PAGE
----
Oy, what a week. Should we talk about the election? I personally feel like I have to a little bit, because it feels strange to keep blogging as if nothing happened or the country wasn’t in turmoil these past few days. No matter how you felt about the election and its results, I think we can all agree it’s been a pretty intense week.
I’ve written this post in my head a bunch of times, but in the interest of succinctly summarizing what I was trying to write about, I highly suggest you read this great post — surprisingly, published last January. It’s about the fact that we all live in our own echo chambers. And our democracy doesn’t work as well because of it.
One thing that’s been on my mind a bunch the past couple of days is the idea of privilege. I think it’s worth recognizing that if we look hard enough, all of us can probably identify some place of “privilege” from which we come. Privilege colors our values and viewpoints, and when we have it whilst also living in an echo chamber, we inadvertently minimize the struggles and experiences of others.
Here’s a very personal example. Consider that I grew up as a minority in Texas, throughout the 80s and 90s. I was adopted and grew up in a caucasian family, but despite the wonderful life I was afforded, the fact that I looked different from the rest of my family was fairly obvious — and something other people always noticed and brought up to my face. Being made to feel different, whether it was unintentionally, or, in some really awful cases, maliciously, automatically means I bring a certain perspective to issues and stories that deal with people being marginalized. Add on being a woman, with all the modern day misogynistic experiences that can entail (which I’m sure many of you can relate to), and, well…you can imagine my reactions to Mr. Trump over the last year and a half.
But on the flip side, if I take a step out of my own bubble, I recognize I have “San Francisco” privilege. I live in a place very different from other parts of the country culturally, which naturally tends to give me a narrow viewpoint. I don’t have children; I work in a flexible job that provides me with a lot of freedom; I have no real debt to speak of. I can’t pretend to know the trials and tribulations experienced by many of my fellow citizens, who according to interviews and exit polls, voted a certain way because of the struggles they’re experiencing. I’m 1000% percent in my own echo chamber over here. I don’t mean to boil down the election to such simple differences and stereotypical examples, but just hope to illustrate ways in which we miss each other.
So I guess something that I’ve taken away from this past week is that staying curious, practicing empathy, and truly trying to listen to each other will be essential if we are to mend fences and find a way forward together, as a country. It’s counterproductive to be dismissive and to not try and understand each others fears and concerns. You’ll never get 100% of what you want in a democracy all the time, so if compromise is the way forward, I find the proverbial blow is softened if we come from a place of empathy. We don’t have to agree with one another on everything, but staying curious and recognizing that our experiences and “bubbles” color our values can at least provide us context, and a way forward together.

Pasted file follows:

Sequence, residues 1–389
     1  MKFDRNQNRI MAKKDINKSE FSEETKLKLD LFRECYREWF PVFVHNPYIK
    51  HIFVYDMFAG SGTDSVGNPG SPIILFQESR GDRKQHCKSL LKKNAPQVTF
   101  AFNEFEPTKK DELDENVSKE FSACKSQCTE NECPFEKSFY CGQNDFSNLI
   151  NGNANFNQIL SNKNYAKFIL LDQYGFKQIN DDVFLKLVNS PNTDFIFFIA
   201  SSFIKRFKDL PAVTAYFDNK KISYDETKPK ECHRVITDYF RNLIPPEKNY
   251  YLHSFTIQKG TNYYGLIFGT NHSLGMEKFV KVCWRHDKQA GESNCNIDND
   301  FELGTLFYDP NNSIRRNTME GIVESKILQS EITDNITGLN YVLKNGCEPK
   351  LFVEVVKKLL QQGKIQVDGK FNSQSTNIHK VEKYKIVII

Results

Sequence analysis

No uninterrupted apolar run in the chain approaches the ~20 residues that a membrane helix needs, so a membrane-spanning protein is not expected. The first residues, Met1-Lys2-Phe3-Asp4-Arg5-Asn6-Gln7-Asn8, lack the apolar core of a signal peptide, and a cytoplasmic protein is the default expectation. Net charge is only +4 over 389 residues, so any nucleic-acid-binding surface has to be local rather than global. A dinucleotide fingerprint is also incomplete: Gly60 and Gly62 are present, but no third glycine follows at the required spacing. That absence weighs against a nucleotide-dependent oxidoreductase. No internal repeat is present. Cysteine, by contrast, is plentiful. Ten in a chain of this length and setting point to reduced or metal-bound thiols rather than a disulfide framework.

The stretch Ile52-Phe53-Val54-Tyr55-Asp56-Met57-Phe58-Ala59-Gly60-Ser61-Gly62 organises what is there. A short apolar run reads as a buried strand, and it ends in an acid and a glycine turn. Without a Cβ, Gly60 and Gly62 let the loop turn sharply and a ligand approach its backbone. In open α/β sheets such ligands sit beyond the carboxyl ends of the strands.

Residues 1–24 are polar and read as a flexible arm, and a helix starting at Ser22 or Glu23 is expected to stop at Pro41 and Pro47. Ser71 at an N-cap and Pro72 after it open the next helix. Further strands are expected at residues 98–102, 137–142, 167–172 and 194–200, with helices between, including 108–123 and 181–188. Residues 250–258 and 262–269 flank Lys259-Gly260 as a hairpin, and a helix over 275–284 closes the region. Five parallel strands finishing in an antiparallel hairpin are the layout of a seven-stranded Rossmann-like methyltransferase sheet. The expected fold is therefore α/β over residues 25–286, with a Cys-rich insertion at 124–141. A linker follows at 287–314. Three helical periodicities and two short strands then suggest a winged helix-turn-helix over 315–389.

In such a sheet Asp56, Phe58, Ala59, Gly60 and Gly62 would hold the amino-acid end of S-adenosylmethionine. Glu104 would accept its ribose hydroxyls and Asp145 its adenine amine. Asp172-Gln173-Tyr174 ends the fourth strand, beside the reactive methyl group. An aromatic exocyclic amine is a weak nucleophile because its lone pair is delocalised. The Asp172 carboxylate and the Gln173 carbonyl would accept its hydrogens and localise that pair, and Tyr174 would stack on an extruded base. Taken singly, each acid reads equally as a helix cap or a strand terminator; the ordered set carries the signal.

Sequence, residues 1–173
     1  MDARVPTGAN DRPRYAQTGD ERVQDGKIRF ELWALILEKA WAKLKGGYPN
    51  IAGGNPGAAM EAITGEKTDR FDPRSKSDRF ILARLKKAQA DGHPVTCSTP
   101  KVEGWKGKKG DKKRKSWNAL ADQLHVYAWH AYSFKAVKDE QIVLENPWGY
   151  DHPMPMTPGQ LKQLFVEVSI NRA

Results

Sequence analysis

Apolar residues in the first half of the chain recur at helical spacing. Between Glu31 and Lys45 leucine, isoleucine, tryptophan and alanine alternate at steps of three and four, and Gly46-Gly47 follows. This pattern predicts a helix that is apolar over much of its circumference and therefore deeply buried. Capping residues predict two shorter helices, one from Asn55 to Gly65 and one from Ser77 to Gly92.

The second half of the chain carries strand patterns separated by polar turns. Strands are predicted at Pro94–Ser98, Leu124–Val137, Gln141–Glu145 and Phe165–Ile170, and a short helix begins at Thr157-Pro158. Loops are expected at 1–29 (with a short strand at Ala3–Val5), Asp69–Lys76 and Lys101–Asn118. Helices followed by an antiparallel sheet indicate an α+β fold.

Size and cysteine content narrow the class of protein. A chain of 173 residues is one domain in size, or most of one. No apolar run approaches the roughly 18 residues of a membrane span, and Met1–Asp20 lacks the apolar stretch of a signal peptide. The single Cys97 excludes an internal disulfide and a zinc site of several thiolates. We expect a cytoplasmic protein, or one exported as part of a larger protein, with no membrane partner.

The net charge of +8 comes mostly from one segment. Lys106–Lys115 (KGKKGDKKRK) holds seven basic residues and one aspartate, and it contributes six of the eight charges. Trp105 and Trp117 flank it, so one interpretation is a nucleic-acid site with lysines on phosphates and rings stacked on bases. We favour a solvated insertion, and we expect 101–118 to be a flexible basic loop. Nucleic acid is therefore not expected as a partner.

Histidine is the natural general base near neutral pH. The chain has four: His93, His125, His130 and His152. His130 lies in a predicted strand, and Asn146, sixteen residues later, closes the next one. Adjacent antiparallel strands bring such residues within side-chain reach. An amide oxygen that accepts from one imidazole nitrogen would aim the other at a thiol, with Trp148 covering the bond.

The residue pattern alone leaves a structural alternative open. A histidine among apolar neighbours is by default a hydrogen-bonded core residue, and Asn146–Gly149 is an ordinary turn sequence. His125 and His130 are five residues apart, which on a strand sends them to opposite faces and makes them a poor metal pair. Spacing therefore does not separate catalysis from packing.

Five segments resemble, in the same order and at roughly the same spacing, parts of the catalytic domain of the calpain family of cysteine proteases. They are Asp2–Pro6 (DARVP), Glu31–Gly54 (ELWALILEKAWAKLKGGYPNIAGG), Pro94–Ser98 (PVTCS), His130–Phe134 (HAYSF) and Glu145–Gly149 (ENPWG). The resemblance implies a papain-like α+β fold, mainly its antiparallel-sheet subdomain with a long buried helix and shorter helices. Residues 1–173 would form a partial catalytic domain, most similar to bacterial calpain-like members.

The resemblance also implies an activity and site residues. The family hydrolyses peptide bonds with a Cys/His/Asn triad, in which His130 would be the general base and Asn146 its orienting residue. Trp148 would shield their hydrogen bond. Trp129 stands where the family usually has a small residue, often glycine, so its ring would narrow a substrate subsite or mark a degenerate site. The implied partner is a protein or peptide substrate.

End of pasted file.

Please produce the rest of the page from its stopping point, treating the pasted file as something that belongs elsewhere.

What’s next? No matter how you voted, how are you continuing forward personally? Here’s where I’m at:
It’s a small thing, but I’ve been trying to do thought exercises about privilege and empathy, starting with reading wonderful posts like this, which launched a fantastic, interesting discussion with over 1200 comments (read Emily’s follow up here, too)! I’ve reached out to a few organizations whose missions I believe in, to find ways to donate my time. I saw a Facebook post about a friend of a friend who is starting a directory for designers who are willing to donate their services to non-profits. And I’ve noticed a lot of friends talking about ways they want to get involved too, both with their communities and even simply in terms of respectful discourse with people they might not agree with. If nothing else comes from this highly contentious election, the early signs of increased involvement in our democracy will be a (hopefully) great thing.
If you haven’t already, consider paying for your news by purchasing a subscription to a newspaper. And here’s one that’s also been on my mind: stop using the mute and unfollow buttons on social media. What if instead of building the walls higher around our own echo chambers, we tried to engage with each other respectfully (private message ok!), to understand views that aren’t our own? If I write about this much more the essay will triple, but it’s worth thinking about how social media has eroded how we hear each other, and by extension, our democracy.
It’s still early days, and emotions are running high nationally. Within that, there’s so much potential for anger to boil over on both sides. So I’d end this with a link to a post my colleague Lisa wrote, and a reminder that if you see or hear something that you know to be antithetical to your values (harassment, violence, any of it, for any reason), please, speak up.
EDITED TO ADD: When I initially wrote this post, it was about three times as long. I felt like maybe I was rambling and meandering too much, but unsurprisingly, some of the things that were really on my mind have come up in the comments. Have a look there for additional perspectives, and I invite you to join in the conversation with fellow community members!
I’d really love to hear from you, your reactions to the week, your take on everything. The blog has always been an inclusive, respectful community, so it should go without saying, but please keep the conversation (and discourse!) respectful, civil, and kind. All in the vein of trying to hear each other and understand, ok? Wishing each and every one of you a peaceful weekend.